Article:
Indian Air Force the Case for Indigenisation

Jasjit Singh

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Just think: the last combat aircraft designed by the 74-year old HAL (Hindustan Aeronautics Ltd) with its expansive infrastructure was in the 1950s – and it was an excellent aircraft. Thirty years later an ad-hoc, interim institution called ADA (Aeronautics Development Agency) was set to design the LCA (Light Combat Aircraft) under the DRDO management. Thirty years later the aircraft has yet to enter service although the Indian Air Force has ordered 40 aircraft knowing they do not meet the qualitative requirements set in the early 1980s, leave alone the 21st century! Even the primary trainer for rookie pilots has just begun to be imported. Obviously something is wrong for a long time; and obviously it is a systemic problem.

This volume sets out to historically examine and present a balanced understatement of the facts. Some of the leading experts in the profession of aerospace identify the problems. The reader is left to form his judgment and what appears an obvious solution. The Air Force is the most concerned stakeholder in the quality and quantity of military aircraft; but it seems to have been left on the sidelines in the process of to be criticised as being against indigenisation. We recognise that India is way behind the developed countries — and China now, in design and development of military aviation.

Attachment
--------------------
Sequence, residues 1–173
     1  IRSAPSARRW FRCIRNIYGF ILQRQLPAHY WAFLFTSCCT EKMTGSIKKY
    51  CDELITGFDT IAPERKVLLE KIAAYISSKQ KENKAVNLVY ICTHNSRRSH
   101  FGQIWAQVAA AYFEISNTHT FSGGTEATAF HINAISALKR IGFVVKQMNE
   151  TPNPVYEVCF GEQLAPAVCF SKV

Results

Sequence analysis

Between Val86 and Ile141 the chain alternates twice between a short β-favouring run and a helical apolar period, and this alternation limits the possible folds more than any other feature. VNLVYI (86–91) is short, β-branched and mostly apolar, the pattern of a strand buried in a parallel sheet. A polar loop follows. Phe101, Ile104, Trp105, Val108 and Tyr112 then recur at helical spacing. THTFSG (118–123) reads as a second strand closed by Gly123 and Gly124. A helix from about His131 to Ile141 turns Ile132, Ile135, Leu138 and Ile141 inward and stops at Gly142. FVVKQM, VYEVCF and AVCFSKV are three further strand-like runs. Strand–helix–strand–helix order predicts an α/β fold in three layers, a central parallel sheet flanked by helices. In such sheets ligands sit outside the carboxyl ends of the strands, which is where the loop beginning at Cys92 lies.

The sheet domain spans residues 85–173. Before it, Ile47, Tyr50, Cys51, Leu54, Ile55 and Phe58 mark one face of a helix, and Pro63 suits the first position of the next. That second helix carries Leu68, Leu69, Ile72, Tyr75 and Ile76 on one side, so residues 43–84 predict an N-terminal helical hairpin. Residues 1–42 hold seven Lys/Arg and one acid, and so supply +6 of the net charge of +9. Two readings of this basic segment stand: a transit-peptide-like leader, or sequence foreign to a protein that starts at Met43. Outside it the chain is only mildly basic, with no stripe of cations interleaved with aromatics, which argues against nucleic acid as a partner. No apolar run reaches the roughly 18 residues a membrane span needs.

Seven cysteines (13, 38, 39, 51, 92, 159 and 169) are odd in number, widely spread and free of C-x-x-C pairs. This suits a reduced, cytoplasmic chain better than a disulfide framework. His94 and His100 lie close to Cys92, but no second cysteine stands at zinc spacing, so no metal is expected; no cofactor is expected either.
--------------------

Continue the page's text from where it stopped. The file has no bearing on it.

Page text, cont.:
We don’t have to go far to find the way ahead. Ninety-five percent of the Indian Navy’s warships and submarines are designed and manufactured in the country (tough many systems inside, like its missiles, may be acquired from the best in the world). The reason is starkly so simple that South Block itself does not notice it! Naval Head Quarters contain within its organisation under the leadership and the Chief of Naval Staff, the Directorate of Naval Design as well as the Controller of Warship Production besides the other supporting organisations like WESEE etc. Hence when the indigenous INS Delhi sailed out in the 1990s, the international community began to look at Indian Navy with new respect. Why can’t similar system be established for the Army and the Air Force? Read the volume to ask your questions and mull over possible solutions.

Jasjit Singh Air Commodore Jasjit Singh AVSM, VrC, VM (Retd), is presently the Director General of the Centre for Air Power Studies and the recipient of Padma Bhusan for a life-time’s contribution to national defence and security as the country’s leading defence expert. He headed the country’s premier think-tank, the Institute for Defence Studies and Analyses (IDSA) for 14 long years till 2001. He is the founder Director of the Centre for Air Power Studies and has authored, and edited numerous books including Air Power in Modern Warfare; India’s Defence Spending, and The ICON (biography of Marshal of the Indian Air Force Arjan Singh). He is a Fellow of the world Academy of Art and Science and has lectured extensively in universities, defence and war colleges, and international forums in India and abroad.



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